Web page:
“There’s no agony like bearing an untold story inside you.”
Though actress Vanessa Bell Calloway delivered the line, playwright Gabrielle Pina certainly understood the need to convey touching tales with her play Letters from Zora, which was performed Saturday in Bovard Auditorium and tells the story of one of America’s most talented and underrated writers: Zora Neale Hurston, most famous for her novel Their Eyes Were Watching God.
The one-woman show played to a packed house, drawing audience members of all ages who were keen to get a peek into the private life of one of the greatest black authors in history. But even for those who were unfamiliar with Hurston’s work, there were several reasons to attend the performance.
For starters, Calloway’s presence generated some buzz. The actress has been nominated for eight National Association for the Advancement of Colored People image awards, and is famous for lead roles in Coming to America with Eddie Murphy and What’s Love Got to Do with It with Angela Bassett and Laurence Fishburne.
Then there was the opportunity to witness the work of USC Professional Writing faculty member Pina. Winner of the 2002 Pacificus Literary Prize for achievement in short fiction, Pina is renown in the literary world and has published two successful novels: Bliss and Chasing Sophea.
The combination of literary and artistic talents had the potential to make the Visions and Voices: The USC Arts & Humanities Initiative event a smash and left audience members in eager anticipation.
They weren’t disappointed.
The production ran a little more than an hour and encompassed Hurston’s broad life story, ranging from her early days in the Harlem Renaissance to her travels in Haiti and Honduras to her death in Fort Pierce, Fla. Calloway, as Hurston, narrated encounters with Langston Hughes, Dorothy West and other members of the Black Arts Movement as she glided across a stage set only with carpet and a few pieces of furniture while a small jazz ensemble played in the background.
And because Pina’s play pulled material from genuine Hurston letters, the production brought a haunting authenticity to its historical narrative and informed even as it entertained.
Though one-woman shows can easily bore an audience with verbosity and minimal spectacle, Calloway’s performance was anything but dull. The actress’ warm, dark voice filled the auditorium and made audience members feel as if they were truly part of an intimate conversation; the presence of another actor would have felt intrusive.
In addition, Calloway’s diverse talent dominated the stage. She was able to switch from a young, provocative girl to a withering old woman in mere seconds, demonstrating her technical abilities and ability to connect with the character.
Calloway’s performance was accented by assistant professor of theatre Tom Ontiveros’ projection design. As Calloway regaled the audience with Hurston’s biography, Ontiveros projected fleeting images of letters, photographs and historical figures onto a suspended screen. The added visual context brought realism to the performance’s more abstract choreography and was helpful without being distracting.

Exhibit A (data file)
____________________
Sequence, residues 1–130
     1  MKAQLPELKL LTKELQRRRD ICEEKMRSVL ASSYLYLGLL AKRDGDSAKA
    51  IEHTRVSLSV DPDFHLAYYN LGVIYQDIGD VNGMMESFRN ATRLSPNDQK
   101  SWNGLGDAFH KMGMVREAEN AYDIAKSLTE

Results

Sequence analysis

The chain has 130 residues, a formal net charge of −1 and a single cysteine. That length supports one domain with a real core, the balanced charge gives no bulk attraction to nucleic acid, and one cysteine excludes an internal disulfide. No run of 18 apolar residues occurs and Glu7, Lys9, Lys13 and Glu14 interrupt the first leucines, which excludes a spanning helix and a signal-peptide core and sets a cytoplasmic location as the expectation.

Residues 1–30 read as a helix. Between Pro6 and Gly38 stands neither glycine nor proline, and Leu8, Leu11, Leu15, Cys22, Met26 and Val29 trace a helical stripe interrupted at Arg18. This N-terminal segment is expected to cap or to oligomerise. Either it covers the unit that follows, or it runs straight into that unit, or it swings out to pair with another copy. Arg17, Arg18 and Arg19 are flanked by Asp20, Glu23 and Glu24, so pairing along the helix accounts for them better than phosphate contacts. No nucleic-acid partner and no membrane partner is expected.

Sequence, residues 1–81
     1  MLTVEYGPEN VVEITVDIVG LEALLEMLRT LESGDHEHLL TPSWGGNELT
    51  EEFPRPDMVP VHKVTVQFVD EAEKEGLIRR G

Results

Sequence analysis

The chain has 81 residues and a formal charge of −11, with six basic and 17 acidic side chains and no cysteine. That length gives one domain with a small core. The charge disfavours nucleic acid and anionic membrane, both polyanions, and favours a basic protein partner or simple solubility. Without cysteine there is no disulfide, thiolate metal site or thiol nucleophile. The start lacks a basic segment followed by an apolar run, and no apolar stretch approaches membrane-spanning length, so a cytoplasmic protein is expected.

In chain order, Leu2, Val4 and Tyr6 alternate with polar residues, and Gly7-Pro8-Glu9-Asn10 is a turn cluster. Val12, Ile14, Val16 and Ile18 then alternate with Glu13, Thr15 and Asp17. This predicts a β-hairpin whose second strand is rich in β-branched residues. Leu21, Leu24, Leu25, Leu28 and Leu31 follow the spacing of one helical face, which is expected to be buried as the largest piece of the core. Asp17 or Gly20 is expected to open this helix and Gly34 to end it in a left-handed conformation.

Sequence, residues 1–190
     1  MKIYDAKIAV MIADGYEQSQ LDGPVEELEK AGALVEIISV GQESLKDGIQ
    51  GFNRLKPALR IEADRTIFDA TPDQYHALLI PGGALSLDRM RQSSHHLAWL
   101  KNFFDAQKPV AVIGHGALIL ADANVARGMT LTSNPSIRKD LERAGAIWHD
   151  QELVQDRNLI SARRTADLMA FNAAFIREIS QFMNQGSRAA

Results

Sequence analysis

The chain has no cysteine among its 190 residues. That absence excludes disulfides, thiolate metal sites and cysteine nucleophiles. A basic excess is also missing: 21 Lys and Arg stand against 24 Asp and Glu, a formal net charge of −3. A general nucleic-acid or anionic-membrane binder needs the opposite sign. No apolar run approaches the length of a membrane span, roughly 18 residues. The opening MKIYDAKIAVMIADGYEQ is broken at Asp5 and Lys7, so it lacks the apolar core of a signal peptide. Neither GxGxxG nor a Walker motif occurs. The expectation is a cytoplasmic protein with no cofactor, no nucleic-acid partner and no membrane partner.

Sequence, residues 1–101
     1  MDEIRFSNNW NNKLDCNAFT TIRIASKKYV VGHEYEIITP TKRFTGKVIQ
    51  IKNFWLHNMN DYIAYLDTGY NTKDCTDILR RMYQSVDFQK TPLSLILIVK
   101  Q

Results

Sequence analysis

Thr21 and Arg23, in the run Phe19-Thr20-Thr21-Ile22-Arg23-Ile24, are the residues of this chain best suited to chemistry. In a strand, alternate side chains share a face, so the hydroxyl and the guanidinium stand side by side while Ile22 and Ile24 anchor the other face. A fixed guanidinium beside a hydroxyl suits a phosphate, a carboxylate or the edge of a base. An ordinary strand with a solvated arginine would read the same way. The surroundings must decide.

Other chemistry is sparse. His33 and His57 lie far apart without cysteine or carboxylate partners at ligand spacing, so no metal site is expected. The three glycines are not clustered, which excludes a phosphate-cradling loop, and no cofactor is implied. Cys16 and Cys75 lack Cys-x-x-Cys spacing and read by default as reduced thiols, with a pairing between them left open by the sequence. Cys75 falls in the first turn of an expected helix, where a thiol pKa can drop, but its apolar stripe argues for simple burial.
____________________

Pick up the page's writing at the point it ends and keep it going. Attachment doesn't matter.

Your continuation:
Yet with all the gaiety and vivid display the performance offers, Letters from Zora’s darker elements bring a level of sobriety to the production. Pina’s play doesn’t shy away from Zora’s challenges with racism or the false accusations of child molestation against her. Instead, the show highlights the good times and the bad, depicting the fluctuating turmoil of human life.
Audience members got riled when Calloway described Hurston receiving only a $200 advance for a novel, compared to the usual $5,000 advance for white authors from the time period; Ralph Ellison’s dismissal of Hurston’s work as unsuited for black progression also elicited surprise and disdain.
Pina’s script displays blatantly cruel facts even as it flaunts jokes, adding details to a previously muddled history and also creating a sense of present-day purpose.
“The black writers should have the same rights as the white writers,” said Calloway as Hurston in a particularly defiant moment. “Which is to write whatever the hell we please.”
Underneath all of this was a jazz quartet directed by music professor Ron McCurdy. The group enhanced Calloway’s performance with lulling piano and vibrant bass, perfectly setting moods of sorrow and joy. And even with the soundtrack-like quality of the performance lingering in the background, Letters from Zora never calls attention to itself more than necessary, making it very easy for audience members to forget the technical and remain immersed in the story.
The nearly flawless performance made it impossible to not be touched by the direct and authentic interaction with history. When the curtains parted and Calloway, Pina and director/assistant professor of theatre practice Anita Dashiell-Sparks stood onstage together, it was hard to ignore the feeling that there should have been an extra place where Hurston herself could stand.